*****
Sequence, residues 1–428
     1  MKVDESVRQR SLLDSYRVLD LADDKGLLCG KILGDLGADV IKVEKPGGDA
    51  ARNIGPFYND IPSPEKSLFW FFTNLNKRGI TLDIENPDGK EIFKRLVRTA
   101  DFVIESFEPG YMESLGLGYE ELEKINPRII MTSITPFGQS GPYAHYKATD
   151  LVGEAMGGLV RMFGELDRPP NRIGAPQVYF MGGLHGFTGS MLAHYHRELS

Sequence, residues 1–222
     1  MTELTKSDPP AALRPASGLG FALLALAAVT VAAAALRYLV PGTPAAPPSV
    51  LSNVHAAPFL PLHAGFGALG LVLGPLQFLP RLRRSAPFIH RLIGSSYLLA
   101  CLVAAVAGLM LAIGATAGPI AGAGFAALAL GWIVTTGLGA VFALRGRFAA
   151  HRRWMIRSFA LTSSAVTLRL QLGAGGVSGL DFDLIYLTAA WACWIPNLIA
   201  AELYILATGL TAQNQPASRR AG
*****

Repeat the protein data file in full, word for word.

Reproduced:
Sequence, residues 1–428
     1  MKVDESVRQR SLLDSYRVLD LADDKGLLCG KILGDLGADV IKVEKPGGDA
    51  ARNIGPFYND IPSPEKSLFW FFTNLNKRGI TLDIENPDGK EIFKRLVRTA
   101  DFVIESFEPG YMESLGLGYE ELEKINPRII MTSITPFGQS GPYAHYKATD
   151  LVGEAMGGLV RMFGELDRPP NRIGAPQVYF MGGLHGFTGS MLAHYHRELS

Sequence, residues 1–222
     1  MTELTKSDPP AALRPASGLG FALLALAAVT VAAAALRYLV PGTPAAPPSV
    51  LSNVHAAPFL PLHAGFGALG LVLGPLQFLP RLRRSAPFIH RLIGSSYLLA
   101  CLVAAVAGLM LAIGATAGPI AGAGFAALAL GWIVTTGLGA VFALRGRFAA
   151  HRRWMIRSFA LTSSAVTLRL QLGAGGVSGL DFDLIYLTAA WACWIPNLIA
   201  AELYILATGL TAQNQPASRR AG